Physicists Who Found Einstein's Waves Awarded the Nobel
3 scientists will split the prize
By Newser Editors and Wire Services
Posted Oct 3, 2017 5:49 AM CDT
In this 2016 photo, Laser Interferometer Gravitational-Wave Observatory (LIGO) co-founder Kip Thorne talks to reporters.   (AP Photo/Andrew Harnik, FILE)
camera-icon View 1 more image

(Newser) – The 2017 Nobel Physics Prize has been awarded to three scientists for their discoveries in gravitational waves, per the AP. Sweden's Royal Academy of Sciences announced Tuesday that the winners are Rainer Weiss of the Massachusetts Institute of Technology and Barry Barish and Kip Thorne of the California Institute of Technology. The three were key to the first observation of gravitational waves in September 2015. The waves were predicted by Albert Einstein a century ago as part of his theory of general relativity, but they had never been detected.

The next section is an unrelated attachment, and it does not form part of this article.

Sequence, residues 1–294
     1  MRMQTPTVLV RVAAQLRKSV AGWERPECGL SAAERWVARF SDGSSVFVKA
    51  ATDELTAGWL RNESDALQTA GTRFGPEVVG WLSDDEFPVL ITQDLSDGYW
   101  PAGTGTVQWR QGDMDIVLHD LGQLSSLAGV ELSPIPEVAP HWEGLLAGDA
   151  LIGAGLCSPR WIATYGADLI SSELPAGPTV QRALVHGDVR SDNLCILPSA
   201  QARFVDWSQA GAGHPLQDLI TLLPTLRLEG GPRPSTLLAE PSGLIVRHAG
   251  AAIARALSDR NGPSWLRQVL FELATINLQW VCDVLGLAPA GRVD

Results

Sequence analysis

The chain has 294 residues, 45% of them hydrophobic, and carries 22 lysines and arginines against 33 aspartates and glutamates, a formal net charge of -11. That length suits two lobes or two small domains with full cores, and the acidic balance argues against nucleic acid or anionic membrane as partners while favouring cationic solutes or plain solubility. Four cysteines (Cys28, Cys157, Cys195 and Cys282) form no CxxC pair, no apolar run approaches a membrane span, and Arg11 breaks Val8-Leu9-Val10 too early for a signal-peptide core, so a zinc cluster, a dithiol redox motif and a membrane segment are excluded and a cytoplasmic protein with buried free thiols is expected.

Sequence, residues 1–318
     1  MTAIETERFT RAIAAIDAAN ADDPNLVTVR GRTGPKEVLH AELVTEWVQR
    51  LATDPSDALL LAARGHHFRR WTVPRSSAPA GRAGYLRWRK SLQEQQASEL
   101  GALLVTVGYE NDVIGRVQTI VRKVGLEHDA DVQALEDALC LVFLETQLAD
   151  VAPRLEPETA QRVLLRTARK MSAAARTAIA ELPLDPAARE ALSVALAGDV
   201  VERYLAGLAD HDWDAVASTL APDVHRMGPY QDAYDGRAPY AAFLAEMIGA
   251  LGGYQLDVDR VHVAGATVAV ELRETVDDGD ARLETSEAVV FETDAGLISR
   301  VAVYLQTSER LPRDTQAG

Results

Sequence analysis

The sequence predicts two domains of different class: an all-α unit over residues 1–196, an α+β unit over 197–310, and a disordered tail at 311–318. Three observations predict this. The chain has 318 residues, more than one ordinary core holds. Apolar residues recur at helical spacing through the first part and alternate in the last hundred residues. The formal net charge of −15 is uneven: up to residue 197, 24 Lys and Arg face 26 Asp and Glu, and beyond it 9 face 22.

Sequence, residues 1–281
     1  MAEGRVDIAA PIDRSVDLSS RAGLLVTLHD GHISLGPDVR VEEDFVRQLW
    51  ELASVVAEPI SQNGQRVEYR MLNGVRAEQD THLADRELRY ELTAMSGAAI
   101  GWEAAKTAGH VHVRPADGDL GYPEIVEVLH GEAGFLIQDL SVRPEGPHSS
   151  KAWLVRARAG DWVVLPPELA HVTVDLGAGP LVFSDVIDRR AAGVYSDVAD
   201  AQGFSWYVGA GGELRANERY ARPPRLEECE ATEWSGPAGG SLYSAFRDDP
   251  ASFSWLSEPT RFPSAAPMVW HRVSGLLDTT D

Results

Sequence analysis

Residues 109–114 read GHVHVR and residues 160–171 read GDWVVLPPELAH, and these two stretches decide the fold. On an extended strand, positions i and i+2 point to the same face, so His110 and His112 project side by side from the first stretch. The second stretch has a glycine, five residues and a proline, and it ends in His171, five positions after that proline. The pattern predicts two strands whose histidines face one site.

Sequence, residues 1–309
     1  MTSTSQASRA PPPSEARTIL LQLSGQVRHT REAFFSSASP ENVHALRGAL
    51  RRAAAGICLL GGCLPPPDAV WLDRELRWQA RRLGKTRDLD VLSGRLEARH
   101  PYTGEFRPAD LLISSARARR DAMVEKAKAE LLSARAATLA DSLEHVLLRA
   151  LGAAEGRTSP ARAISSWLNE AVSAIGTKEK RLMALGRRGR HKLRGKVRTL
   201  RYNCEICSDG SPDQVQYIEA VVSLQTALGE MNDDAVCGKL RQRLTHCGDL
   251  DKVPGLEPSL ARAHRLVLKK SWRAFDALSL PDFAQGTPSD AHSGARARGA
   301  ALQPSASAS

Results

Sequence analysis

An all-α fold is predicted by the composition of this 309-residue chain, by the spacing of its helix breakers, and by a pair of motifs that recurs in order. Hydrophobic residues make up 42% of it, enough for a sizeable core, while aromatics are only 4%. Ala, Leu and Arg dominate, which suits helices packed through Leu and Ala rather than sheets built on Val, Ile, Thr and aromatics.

When the discovery was announced several months later, it was a sensation not only among scientists but the general public. Gravitational waves are extremely faint ripples in the fabric of space and time, generated by some of the most violent events in the universe. Weiss, in a phone call with the news conference at the Royal Swedish Academy of Sciences, said, "I view this more as a thing that recognizes the work of a thousand people." The German-born Weiss was awarded half of the $1.1 million prize amount, and Thorne and Barish will split the other half. Weiss, Thorne, and Barish were among the founders of LIGO, the Laser Interferometer Gravitational-wave Observatory, notes the New York Times.

My Take on This Story
Show results without voting  |  
1%
21%
2%
73%
0%
3%